First, the report will present Hernando County statistics, and comments and concerns of Hernando County education officials and other concerned parties. Second, it will review the literature regarding both problems with and solutions to problems with NCLB. Third, it will make a recommendation for how Hernando County can best proceed to serve its student/parent population.
Hernando County's Current NCLB Situation
Hernando County experienced significant failures in terns of AYP in its middle schools, and officials were looking for explanations. One, the assistant principal at Fox Chapel Middle School, said a large amount of teacher turnover may have contributed to the lower grade. In addition, he noted that the population of the school had also changed. It had become a Title 1 school "with 50 percnet of our students on free or reduced lunch." (Bacon 2004)
Worse news was that even adding extra resource teachers, which might help, would be problematical, as the school has no room for them. But that could be a moot point if, in fact, a large number of students chose to transfer to better-performing schools, something NCLB gives them the right to do at any school that fails two years in a row. In fact, 60 students have already chosen to change schools next fall. (Bacon 2004) Under the NCLB at, "Title 1 schools must offer school choice if their subgroups -- whether poor, learning disabled, black, Hispanic or of limited English skills -- fail to make adequate yearly progress for two consecutive years" (Bacon 2004). The NCLB law states that priority in school choice be given to the lowest-achieving children from low-income families, "and that they be allowed to select from among schools not identified as needing improvement under No Child Left Behind" (Solocheck). NCLB also states that the school district must offer at least two choices for transfer (Solocheck 2004), but in a district with the vast majority of schools failing, such as this one, the problem for school administrators then becomes how to offer two choices that are not for equally 'non-performing' schools. Hernando did not "want to give choices that would have youngsters taking lengthy bus rides across the count" (Solocheck 2004), doubtless for both fiscal and family reasons.
Under the NCLB act, it is not enough for a school to meet its AYP in most areas; it must meet them in all or fail. This is the explanation for a district having an overall 90% rate of meeting AYP, and yet have specific schools fail and even risk loss of Title 1 funding. Following is a table of the grades of Hernando County Schools in 2003 and 3004, and a Yes or No for meeting their AYP in 2004:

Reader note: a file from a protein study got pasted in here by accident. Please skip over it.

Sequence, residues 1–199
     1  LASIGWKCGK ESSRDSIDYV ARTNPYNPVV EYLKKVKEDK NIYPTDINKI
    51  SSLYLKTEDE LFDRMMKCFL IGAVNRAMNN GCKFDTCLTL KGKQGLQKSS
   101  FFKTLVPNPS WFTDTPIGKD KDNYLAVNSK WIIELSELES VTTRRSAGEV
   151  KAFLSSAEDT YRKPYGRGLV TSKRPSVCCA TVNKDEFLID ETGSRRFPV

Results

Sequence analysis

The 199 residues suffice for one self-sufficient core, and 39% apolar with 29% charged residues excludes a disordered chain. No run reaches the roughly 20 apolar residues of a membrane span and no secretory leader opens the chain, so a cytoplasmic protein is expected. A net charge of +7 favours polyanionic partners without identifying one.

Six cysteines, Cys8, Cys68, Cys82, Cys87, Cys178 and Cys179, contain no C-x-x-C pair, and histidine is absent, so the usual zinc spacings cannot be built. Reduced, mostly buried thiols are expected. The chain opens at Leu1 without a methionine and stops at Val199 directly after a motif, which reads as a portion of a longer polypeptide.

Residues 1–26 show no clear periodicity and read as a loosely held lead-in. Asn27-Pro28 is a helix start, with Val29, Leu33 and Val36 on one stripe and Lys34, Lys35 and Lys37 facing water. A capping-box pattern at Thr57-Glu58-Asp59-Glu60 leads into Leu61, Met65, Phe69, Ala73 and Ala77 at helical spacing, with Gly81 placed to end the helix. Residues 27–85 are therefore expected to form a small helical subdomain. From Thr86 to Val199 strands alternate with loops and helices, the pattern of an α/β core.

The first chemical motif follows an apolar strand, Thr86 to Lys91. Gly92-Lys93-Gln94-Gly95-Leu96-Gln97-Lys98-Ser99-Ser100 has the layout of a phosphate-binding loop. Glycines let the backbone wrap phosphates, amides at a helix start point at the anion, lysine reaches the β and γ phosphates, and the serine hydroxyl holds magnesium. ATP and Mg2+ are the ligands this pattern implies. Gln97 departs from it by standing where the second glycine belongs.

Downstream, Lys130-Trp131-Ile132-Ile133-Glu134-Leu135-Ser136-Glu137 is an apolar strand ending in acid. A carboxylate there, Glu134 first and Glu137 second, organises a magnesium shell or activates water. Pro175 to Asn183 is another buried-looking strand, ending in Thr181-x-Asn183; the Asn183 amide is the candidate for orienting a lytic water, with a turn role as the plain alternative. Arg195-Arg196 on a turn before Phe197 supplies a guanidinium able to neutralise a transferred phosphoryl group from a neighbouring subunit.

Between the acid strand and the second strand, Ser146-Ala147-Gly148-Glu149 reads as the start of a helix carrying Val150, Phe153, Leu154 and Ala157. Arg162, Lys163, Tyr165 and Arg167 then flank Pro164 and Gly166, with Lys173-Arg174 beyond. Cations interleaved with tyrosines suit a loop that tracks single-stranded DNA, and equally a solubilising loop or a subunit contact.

FCAT Grades and AYP Status, Hernando County Schools
SCHOOL GRADE/2003 GRADE/2004 AYP
Brooksville AB No
Chocachatti AA Yes
Eastside AA No
Source: Hernando Today.com/Bacon 2004
In some respects, the results look a lot worse than they really are. Some schools failed to meet AYP because they had inadequate number of students tested in one or more of the nine subgroups. Some schools that ordinarily perform well failed to meet the NCLB standards simply because of the federal accountability formula that mandates that 95% of all students in each subgroup in each grade must be tested. For example, Hernando Elementary, which serves only kindergarten through second grade students, failed because only 94% of he special education students were tested in reading and language, and only 92% in mathematics, falling short of the mandated 95%. (Long 2004) Similarly, Oak Grove Central failed to meet the 2003 AYP because of similarly non-compliance in testing percentages in the same areas. In addition, tests were given in one instance "but some were not scored due to a procedural error" (Long 2004). "If even one group fails, the entire school fails" (Solocheck 2004)
AYP also measures improvement of students from one grade level to the next, such as from second to third grades. In the schools tested, none of the third grades have assistants because the Florida Department of Education had decided several years ago that kindergarten though second grade should have assistants; this required all the available funding. However, new school equity funding at…